Ultimately, Yardley squandered multiple opportunities to help himself and his department, building instead a reputation of untrustworthiness when he could have grown with the technology and helped his native land more than he did. He was no traitor to his country, but this did not make his enemies entirely blameless in passing dubiously-based legislative reprimands to prevent the publication of a manuscript already in the government’s possession, now known as Public Law 37, the Act for the Protection of Government Records, still on the books since 1933 (Section 952 of Title 18). Dr. Kahn handles the subject and Yardley’s place in cryptology with all the skill of the author’s well-balanced perspective. It is a fascinating read but be advised, readers, it is — like Yardley himself — a meshwork of qualities easy to like and easy to loath. Major Yardley belongs about where Dr. Kahn has estimated his place in history.

On Economic Dependence or Independence?

“We have been all too long oblivious to the duty which we owe to ourselves as a nation. It cannot be a sound business policy to employ our competitors to transport our production to market. It cannot be a sound business policy to neglect this second line of our naval defense. No nation ever long maintained a place in the world without a merchant marine. No nation has ever failed to grow great and powerful that had the advantage of such foreign trade as ours when borne in its own ships. This great prize cannot be developed without effort. It cannot be secured without expense. If the people want it they must be prepared to pay for it, but the rewards of security, of prosperity, of those commercial relationships which make for the peace of the world and for the advancement of an enlightened civilization will repay us many fold.” — Vice President Calvin Coolidge, August 15, 1922, Portland, Oregon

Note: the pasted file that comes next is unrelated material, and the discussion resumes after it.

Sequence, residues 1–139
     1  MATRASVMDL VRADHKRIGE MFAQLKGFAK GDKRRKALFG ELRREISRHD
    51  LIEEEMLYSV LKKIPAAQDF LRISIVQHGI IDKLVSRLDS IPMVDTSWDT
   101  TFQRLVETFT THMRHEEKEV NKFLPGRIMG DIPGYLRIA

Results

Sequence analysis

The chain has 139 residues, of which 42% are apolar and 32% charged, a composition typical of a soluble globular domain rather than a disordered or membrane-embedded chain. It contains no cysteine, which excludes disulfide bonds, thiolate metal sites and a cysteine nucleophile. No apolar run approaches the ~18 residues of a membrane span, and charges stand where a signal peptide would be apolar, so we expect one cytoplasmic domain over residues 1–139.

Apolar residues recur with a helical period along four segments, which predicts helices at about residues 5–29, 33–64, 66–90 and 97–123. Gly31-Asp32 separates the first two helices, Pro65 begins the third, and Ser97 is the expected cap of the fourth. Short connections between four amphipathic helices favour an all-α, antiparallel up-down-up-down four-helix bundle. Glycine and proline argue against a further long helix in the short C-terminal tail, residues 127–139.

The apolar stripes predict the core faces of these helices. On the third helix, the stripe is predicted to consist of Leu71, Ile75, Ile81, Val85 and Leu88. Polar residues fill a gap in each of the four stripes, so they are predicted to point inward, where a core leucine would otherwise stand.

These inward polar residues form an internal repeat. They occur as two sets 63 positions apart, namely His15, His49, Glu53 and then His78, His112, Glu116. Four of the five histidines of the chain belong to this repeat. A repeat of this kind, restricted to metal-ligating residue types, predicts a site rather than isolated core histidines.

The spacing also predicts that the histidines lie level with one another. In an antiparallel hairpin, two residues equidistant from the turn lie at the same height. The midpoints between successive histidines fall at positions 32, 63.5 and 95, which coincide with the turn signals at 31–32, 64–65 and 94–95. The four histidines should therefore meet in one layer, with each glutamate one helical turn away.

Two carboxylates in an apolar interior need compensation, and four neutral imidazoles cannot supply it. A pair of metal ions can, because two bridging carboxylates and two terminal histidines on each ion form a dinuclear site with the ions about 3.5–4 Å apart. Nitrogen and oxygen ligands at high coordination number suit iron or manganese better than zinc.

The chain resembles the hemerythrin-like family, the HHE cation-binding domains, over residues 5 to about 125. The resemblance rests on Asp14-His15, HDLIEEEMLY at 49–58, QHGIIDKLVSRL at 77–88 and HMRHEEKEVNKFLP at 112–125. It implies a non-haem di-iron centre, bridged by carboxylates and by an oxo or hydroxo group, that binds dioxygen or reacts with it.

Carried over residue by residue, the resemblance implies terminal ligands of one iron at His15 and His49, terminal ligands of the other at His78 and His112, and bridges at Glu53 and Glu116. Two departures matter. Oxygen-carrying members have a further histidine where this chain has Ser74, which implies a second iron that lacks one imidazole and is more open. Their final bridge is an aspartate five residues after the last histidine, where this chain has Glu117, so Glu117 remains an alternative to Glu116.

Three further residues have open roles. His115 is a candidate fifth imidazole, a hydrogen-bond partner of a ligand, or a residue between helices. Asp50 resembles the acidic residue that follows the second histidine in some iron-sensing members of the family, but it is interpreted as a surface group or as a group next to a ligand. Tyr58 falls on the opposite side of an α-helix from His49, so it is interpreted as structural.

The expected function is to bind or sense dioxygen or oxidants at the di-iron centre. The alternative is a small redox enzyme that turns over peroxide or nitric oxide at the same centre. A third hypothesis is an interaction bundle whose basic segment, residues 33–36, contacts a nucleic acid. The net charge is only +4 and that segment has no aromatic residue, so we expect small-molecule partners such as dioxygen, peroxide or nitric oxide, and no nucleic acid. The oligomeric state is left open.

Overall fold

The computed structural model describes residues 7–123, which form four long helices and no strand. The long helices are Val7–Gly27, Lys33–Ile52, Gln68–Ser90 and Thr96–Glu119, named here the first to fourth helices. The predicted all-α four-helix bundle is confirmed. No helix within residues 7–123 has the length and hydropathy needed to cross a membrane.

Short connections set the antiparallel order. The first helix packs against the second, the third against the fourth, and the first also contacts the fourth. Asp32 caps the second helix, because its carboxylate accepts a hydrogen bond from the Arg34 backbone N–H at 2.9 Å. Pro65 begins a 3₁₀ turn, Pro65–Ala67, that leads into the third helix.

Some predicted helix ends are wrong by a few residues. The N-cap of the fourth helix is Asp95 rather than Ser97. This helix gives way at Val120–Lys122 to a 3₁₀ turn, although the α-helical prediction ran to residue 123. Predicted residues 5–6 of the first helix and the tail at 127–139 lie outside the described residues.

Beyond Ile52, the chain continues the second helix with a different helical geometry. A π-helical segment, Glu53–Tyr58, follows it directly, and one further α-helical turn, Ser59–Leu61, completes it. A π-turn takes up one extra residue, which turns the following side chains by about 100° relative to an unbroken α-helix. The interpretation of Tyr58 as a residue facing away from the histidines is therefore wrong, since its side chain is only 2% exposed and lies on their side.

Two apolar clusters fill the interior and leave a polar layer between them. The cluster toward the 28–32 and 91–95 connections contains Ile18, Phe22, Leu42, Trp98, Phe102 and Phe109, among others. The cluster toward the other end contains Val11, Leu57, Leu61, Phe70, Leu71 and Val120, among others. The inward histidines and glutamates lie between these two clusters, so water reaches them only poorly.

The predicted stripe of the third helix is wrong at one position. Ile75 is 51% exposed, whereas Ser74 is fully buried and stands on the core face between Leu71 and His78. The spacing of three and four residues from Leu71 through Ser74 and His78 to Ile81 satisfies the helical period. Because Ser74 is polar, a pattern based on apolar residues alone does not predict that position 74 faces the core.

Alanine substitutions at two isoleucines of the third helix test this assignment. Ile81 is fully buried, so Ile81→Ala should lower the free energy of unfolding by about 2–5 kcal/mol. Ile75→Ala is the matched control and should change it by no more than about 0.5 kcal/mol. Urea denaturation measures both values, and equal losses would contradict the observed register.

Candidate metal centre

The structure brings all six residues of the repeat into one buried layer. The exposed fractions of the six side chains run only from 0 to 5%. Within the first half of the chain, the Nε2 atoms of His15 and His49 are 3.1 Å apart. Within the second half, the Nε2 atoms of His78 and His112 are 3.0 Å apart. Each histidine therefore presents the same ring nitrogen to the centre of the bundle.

Coolidge at the dedication of the Theodore Roosevelt statue in Portland, Oregon’s south park blocks. Photo credit: Oregon Historical Society.

At Lincoln’s Memorial, 1922

The first Presidential radio broadcast was given here seven months earlier, on this very day in 1922, than this December photo picturing President Harding and his successor, Calvin Coolidge, when they took part back in May at the dedication of the memorial before which they stand. Coolidge would build on that use of radio communication in extensive, historic ways after Harding. Coolidge would become, as scholar Jerry Wallace puts it, “our first radio President.” But it was Harding who led the way on May 30, 1922. Photo credit: Library of Congress
President Harding addressing the 50,000 present. Photo credit: Bettman/Getty Images